‘If you don’t read the newspaper, you’re uninformed. If you read the newspaper, you’re misinformed.’ — Mark Twain
‘Mark Twain’ was the pen name of Samuel Clemens, and few realise that he worked as a typesetter – a dead profession if ever there was one – and newspaper writer before his professional life as a humourist began. Twain was interested and involved in scientific experimentation and technology, and held several patents. At the same time, he campaigned against animal experimentation. Through his wife Olivia Langdon he met and admired activists for women’s rights and social equality.
How far have we come since Twain’s day? Each of us seems to be a ‘typesetter’ these days, with the ability to communicate rapidly and without boundary. News comes to us in a relentless and overwhelming cascade. Yet, as Twain reminds us almost a century-and-a-half later, are we really informed or just misinformed?
I have my own story to tell and it was horrible to go through at the time. When I was the Reproductive Medicine Fellow at the University of Adelaide, in the late 1990s, my then-boss Prof Rob Norman (who has kindly written for us in the issue) asked me to drum up some publicity in an attempt to recruit more sperm donors to replenish our dwindling stocks. At the time, we only had one regular donor and things were looking grim. I managed to land a spot on ABC morning radio. Rob sensed trouble and gave me a stern warning: ‘Don’t say anything stupid!’ He knew me well.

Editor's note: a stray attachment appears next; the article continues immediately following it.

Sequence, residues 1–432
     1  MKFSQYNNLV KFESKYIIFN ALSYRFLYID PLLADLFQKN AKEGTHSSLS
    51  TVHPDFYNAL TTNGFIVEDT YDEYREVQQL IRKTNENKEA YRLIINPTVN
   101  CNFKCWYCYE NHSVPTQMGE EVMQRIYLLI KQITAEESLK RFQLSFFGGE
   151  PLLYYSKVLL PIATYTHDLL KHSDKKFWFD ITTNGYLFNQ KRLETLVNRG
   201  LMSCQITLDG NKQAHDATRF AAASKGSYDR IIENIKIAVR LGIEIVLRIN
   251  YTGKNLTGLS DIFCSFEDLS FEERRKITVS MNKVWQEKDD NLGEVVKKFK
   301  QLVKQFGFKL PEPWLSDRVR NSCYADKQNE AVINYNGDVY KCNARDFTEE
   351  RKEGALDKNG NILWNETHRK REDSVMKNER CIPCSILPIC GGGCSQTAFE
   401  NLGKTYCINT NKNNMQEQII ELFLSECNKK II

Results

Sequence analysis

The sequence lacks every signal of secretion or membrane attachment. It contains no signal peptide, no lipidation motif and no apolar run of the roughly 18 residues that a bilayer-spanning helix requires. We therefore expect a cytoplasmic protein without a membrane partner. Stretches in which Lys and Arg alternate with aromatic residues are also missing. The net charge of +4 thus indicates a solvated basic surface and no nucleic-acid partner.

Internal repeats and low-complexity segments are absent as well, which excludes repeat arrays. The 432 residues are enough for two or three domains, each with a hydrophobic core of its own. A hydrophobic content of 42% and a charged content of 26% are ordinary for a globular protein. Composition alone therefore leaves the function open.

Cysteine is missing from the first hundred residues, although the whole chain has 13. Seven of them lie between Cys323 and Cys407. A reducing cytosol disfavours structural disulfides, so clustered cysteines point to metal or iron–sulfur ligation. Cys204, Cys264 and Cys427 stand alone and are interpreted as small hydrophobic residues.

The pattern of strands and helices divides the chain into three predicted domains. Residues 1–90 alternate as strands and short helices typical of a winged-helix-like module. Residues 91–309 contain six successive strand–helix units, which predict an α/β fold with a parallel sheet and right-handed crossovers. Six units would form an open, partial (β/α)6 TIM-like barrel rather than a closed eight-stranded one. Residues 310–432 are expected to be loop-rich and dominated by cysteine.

When asked by the interviewer how many active donors we had, my reply was poorly thought through. ‘We have one donor single-handedly providing our sperm supply.’ Prof Norman was less than impressed, and let me know it. The unit was inundated with calls from all of the television networks and newspapers across Australia. It even ended up on the television quiz show, Good News Week, much to my chagrin. It was a bad start to a hoped-for career, but did have a positive – ultimately, the unit was contacted by 300 prospective sperm donors. I had snatched victory from the jaws of defeat. Just.
The experience made me realise just how powerful and hungry the media is. It is very easy to utter one poorly judged word or phrase and be subject to relentless consequences. In this issue of O&G Magazine, we have revisited media storiesthat have caused a sensation at the time,and followed how they have played out for those involved. Stories in women’s health have the potential to gather widespread media coverage, and this is something we see regularly. The College is constantly receiving calls from media organisations, asking for in-the-moment comment about new studies or reports.
We hope you enjoy reminiscing about some of the great and not-so-great moments when our specialty has hit the headlines. As always, we thank our generous authors for giving their time and experience. The team at O&G Magazine would very much like to hear from you. If you have something you would like to share, or comments you would like to make, please make sure you contact us. Remember the wonderful line from Oscar Wilde, ‘The only thing worse than being talked about is not being talked about.’